Cast: Vir Das, Soha Ali Khan, Lakha Lakhwinder Singh, Deepraj Rana and Vineet Sharma
Director: Shivaji Lotan Patil
Rating: 2 stars
When you are making a film based on a true story or even on a great personality, you have to make sure the director and the cast is well researched and gives fair justice to the true story, otherwise it tarnishes the reputation of actual incidents. The makers of 31st October had the whole story of 1984’s riots after Indira Gandhi’s assassination but their execution is so weak that it cannot even be called as the realistic display of actual events.
The personal bodyguard of the then Prime Minister Indira Gandhi shoots her and the whole nation is under turmoil with this horrendous incident. Everyone in Delhi is now hunting Sikh and Sardar community and killing them and their families. Trapped amidst this chaos, is a family of Davinder Singh (Vir Das) who has a wife Tejinder Kaur (Soha Ali Khan) and three children. Davinder’s family is into a hideout in their own house and now face a deadly situation as they can’t escape from their house but should not even stay there. This is a story of Davinder and many such Sikh families who faced a monstrous time in 1984.
One of the core tasks for the team was to select a cast which gives a realistic feel of Sikh and their culture. Vir Das, although, tries hard with his acting, never convincingly seemed like a real Sikh on screen. First few scenes of the film which give the background of each character prior to the riots were weak and editing was sluggish too. Why show so many characters when you can concentrate on a handful of them and still make it an interesting story? The screenplay of the film was disappointing. Davinder’s conversations with his kids and his wife never reached a realistic level. Moreover, the Sikh culture was nowhere to be found.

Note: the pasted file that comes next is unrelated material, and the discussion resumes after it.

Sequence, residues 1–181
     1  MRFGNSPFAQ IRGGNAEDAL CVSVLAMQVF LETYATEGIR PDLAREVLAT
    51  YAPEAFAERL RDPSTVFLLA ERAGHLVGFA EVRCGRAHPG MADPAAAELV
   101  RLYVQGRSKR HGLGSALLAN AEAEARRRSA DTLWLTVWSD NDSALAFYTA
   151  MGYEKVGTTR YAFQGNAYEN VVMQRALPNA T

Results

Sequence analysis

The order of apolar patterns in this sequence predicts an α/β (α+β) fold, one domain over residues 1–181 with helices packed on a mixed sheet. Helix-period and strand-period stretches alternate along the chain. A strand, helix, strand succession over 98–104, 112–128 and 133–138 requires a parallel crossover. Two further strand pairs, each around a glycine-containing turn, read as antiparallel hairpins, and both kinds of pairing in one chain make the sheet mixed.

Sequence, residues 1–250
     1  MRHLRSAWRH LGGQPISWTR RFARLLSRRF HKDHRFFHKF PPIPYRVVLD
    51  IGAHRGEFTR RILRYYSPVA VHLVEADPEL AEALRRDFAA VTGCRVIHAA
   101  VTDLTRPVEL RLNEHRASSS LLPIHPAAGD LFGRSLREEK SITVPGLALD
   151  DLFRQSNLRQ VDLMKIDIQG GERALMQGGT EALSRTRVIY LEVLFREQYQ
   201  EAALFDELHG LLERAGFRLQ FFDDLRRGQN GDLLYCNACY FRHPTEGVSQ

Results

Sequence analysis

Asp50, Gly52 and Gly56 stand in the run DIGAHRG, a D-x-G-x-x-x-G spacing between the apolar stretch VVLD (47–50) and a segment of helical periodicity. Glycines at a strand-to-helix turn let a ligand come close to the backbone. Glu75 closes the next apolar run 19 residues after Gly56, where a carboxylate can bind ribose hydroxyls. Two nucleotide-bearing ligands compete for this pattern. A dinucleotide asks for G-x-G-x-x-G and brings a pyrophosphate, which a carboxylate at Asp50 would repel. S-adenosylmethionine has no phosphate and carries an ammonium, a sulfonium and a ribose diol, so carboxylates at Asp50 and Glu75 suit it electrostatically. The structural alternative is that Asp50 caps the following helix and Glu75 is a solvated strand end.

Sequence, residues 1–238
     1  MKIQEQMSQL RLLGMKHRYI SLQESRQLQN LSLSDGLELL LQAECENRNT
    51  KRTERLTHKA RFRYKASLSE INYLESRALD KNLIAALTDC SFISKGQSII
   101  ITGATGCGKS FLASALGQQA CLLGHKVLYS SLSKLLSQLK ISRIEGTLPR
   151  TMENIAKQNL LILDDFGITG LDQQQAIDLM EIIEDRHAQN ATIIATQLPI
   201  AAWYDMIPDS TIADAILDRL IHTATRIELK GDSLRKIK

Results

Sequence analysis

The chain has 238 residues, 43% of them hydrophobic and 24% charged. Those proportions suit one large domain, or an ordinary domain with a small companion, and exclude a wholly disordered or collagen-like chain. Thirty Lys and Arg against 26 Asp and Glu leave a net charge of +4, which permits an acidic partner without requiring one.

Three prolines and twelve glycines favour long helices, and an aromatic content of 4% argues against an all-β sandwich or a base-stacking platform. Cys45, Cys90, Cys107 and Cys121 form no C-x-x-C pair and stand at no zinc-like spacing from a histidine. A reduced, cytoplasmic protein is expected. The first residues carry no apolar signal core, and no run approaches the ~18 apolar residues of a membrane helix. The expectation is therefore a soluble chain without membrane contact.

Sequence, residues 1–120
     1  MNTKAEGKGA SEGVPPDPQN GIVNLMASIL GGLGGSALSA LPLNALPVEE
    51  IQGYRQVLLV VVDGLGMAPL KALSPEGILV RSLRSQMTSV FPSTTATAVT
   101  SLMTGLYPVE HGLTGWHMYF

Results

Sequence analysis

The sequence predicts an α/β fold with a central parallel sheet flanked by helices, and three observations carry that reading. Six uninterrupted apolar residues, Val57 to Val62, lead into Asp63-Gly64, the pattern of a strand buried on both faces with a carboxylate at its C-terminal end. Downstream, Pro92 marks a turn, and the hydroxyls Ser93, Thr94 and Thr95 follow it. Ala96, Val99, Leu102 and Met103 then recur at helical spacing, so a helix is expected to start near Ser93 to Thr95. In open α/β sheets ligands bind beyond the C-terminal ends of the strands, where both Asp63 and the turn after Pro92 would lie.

Image Source: Zee Music Company
Shivaji Lotan Patil, a National Award winning director, fails to make ‘31st October’ a worthwhile storytelling. Despite having a true storyline at his disposal, he doesn’t succeed in bringing that alive on screen. This story has been told through the family of Davinder Singh but Patil had to develop these family characters in such a way that the audience feel empathetic to their pain and loss, which he didn’t. The dialogues between the families were discouraging and didn’t have a depth or emotional power. Unnecessary importance to some characters in the first half kept the film low in impact. However, he does make the second half somewhat interesting when Daivnder’s family is halted at a Police check point.
Shivaji Patil also gives a good treatment to the storyline by showing how some Hindus also helped Sikhs by giving them shelter in these dark times of humanity. But, overall, the direction doesn’t hold the grip to make this film a memorable affair.
Vir Das, the lead protagonist, works hard to deliver the role of a Sikh person but it wasn’t much impressive. I have to give it to him for his honest efforts but the casting director should have selected some actor who could have delivered such performance. Vir Das’ voice is very thin for such role. Soha Ali Khan does a good job. She looked emotional but not exactly a typical Sikh woman. Supporting cast of Lakha Lakhwinder Singh, Deepraj Rana and Vineet Sharma shine in their jobs. Their dedication to save this family and friends was performed in amazing way.
31st October deteriorates from start to finish with nothing captivating about the incident. No depth into the characters and ordinary execution result into a forgettable cinematic experience.